God is a Black Woman

While in seminary I read an article by James Cone called "God is Black." Here's an example:
The black theologian must reject any conception of God which stifles black self-determination by picturing God as a God of all peoples. Either God is identified with the oppressed to the point that their experience becomes God's experience, or God is a God of racism...The blackness of God means that God has made the oppressed condition God's own condition. This is the essence of the Biblical revelation. By electing Israelite slaves as the people of God and by becoming the Oppressed One in Jesus Christ, the human race is made to understand that God is known where human beings experience humiliation and suffering...Liberation is not an afterthought, but the very essence of divine activity. (A Black Theology of Liberation, pp. 63-64)

Although I disagree that God as revealed in Jesus Christ is for some people and against others, this has informed my concept of God tremendously. I have long been uncomfortable with the Sunday School personification of God as an old white man with a big beard. Often I have jokingly said that the woman who played the Oracle in the first Matrix film was the best personification of God I'd seen. Loving and kind, knowing the person and attending to him fully in due time, she had the wisened look of a person who had endured suffering and knew that it indeed had an end. She was willing to accept loss in order for the one she was attending to to know his true identity and purpose.

So, keep all of this in mind when I tell you about a personal encounter with the God of the universe. It was Sunday morning, February 17. I had been with my dad in hospice care through the night, expecting him to die. I really had not slept much, and I was just about to take a shower when she came by. I was contemplating going to church, but really did not want to leave Dad's side. From the bathroom I heard someone walk in, look around, and leave. I could tell it was a woman in dress shoes. I quickly ran out in the hall to see if it was my step mother and found a well but modestly dressed black woman in her late 50s or early 60s. She had a KJV Bible clutched tightly, and a look of compassion on her warmly smiling face. I said hello and asked if she had come to see my father. She said that she was a volunteer, and was just checking on whomever might be there. After a few more pleasantries she said, "Oh, you're a believer!" Her eyes became even more delightful and her armed loosened a bit on her KJV. I asked her to pray for me and we held hands. I don't remember the words, but it was like someone singing my heart's song. She held me as I cried. I thanked her, and she was on our way.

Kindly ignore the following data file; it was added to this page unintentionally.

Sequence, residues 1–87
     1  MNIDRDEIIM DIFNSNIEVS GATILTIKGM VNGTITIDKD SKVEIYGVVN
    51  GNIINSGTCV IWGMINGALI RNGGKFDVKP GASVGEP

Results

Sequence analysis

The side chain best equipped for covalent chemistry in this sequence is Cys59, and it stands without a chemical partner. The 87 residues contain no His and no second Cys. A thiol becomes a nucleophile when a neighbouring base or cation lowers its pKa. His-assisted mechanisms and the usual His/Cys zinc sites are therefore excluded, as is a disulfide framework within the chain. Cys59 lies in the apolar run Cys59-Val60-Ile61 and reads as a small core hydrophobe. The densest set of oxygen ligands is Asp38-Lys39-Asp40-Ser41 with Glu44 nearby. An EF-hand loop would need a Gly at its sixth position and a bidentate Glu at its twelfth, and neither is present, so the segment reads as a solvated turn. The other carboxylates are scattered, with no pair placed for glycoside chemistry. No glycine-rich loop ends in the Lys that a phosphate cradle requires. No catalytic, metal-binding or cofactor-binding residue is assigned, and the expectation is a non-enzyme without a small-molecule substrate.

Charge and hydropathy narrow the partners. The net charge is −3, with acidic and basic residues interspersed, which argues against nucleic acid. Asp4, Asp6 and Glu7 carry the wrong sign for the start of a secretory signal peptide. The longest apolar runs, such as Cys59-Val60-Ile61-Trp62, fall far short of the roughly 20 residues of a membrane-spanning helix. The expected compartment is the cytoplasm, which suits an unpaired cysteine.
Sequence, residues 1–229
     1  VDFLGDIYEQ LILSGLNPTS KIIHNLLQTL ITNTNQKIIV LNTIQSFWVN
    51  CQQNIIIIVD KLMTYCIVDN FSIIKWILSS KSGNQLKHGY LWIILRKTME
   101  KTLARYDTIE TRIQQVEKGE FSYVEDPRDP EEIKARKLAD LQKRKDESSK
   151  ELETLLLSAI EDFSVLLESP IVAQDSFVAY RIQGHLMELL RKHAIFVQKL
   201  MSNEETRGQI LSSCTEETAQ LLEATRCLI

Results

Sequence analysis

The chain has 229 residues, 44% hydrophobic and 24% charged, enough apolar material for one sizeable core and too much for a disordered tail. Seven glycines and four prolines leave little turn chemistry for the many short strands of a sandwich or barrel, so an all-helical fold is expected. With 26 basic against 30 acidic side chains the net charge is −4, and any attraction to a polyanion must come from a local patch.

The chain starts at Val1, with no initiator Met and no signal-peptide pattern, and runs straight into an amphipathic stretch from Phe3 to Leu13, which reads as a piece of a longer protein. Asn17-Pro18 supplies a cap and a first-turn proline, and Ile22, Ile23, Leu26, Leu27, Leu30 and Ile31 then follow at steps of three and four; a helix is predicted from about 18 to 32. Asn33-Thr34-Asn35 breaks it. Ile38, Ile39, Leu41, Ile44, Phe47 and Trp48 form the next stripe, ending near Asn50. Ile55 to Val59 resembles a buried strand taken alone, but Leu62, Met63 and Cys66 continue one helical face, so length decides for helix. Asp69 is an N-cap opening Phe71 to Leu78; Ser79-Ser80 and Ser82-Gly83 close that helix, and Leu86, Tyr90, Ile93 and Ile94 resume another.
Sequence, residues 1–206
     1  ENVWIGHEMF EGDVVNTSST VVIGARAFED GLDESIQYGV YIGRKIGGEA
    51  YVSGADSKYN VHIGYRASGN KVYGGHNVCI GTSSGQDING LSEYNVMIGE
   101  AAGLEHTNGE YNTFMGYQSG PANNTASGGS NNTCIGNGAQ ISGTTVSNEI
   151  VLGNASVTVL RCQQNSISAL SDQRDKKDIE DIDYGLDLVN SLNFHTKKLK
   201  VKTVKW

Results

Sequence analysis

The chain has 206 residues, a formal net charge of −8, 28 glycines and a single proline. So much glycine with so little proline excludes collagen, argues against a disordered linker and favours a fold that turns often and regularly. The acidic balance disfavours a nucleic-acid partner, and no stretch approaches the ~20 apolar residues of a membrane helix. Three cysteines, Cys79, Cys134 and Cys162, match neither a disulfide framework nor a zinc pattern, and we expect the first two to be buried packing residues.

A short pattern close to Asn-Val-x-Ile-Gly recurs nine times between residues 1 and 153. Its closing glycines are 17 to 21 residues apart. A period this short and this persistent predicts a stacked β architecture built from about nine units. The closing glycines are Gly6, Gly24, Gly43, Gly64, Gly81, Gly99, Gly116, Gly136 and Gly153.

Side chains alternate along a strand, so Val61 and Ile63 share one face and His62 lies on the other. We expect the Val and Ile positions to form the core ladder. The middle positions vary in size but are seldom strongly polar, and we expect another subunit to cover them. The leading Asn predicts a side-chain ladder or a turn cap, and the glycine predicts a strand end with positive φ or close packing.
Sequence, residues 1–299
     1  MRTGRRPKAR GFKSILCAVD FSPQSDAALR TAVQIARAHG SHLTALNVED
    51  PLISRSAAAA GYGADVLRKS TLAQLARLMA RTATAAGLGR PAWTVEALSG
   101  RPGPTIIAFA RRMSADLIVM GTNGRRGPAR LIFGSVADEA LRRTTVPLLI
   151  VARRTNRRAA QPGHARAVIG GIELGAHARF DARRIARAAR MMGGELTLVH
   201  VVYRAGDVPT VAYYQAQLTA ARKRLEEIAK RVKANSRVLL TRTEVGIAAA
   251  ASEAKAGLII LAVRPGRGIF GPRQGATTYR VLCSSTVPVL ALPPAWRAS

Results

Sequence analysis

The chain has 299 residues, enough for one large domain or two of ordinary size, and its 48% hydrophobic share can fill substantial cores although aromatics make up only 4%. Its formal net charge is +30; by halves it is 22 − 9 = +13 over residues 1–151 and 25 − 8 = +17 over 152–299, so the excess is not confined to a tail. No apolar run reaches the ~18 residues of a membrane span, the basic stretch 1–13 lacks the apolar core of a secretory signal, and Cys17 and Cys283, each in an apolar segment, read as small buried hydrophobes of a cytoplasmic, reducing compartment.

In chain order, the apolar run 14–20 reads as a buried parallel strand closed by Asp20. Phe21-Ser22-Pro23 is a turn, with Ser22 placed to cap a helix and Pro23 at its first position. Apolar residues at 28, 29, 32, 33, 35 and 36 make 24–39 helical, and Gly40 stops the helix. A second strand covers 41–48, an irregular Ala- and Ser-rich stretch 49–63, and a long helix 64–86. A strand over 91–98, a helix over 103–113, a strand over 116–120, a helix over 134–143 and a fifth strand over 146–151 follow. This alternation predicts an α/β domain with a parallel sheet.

How often do we say that "Christ has no hands but ours"? How often do we act on it? Jesus Christ came to me that day, in that hour. And I'm here to tell you, God is a black woman. When the greatest desire of my heart was to go to God and worship, she came to me. She transformed my understanding of worship. She held me like a babe and called me beloved. And now my greatest desire is to do that for someone else.

In the Matrix the Oracle tells Neo to know himself. John Calvin reminds us that a knowledge of self is derived from a knowledge of God. Jesus Christ tells us that we must love our neighbor as ourselves. On this Good Friday I am consummately aware that I have not loved my neighbor as myself, nor have I loved as I have been loved. In a world at war with a silent unless cheering church... in a world where human trafficking supports a global economy I benefit from... in a country where racism and sexism are dominating our political processes instead of concern for justice and the inalienable rights of all humankind... in a world where teen culture has become a target market with such value that corruptibility is valued more highly than virtue... in this world we need a day like today. We need a Good Friday to challenge us by the reality of the cross. We need to be reminded that the path to resurrection involves a cross. We need to be willing to be present in each other's pain, to make the sacrifice of fearing rejection, giving up our own time, and seeking God's presence in the one who is suffering.

God came to me in the form of a black woman. Yet still I wonder about God's activity in my life and in this world. And then it hits me... on Good Friday. I am a part of God's activity. Of course I knew this before. But how often have I cared? Really, how often have I been too busy to care where the different products I buy come from and what soul was burdened to get it to me? It's too much to bear. Or is it? I thank God for the cross and the resurrection! I thank God for the realization of how horrible this world is and how complicit I have been! I thank God that Sunday is Easter, and that each day I can live as an Easter person!

Yes friend, I am a believer! I believe in forgiveness. I believe God is present and active in this jumbled up, shook up world. I've seen her. The question is, will I show her to someone else? I sure am gonna' try.
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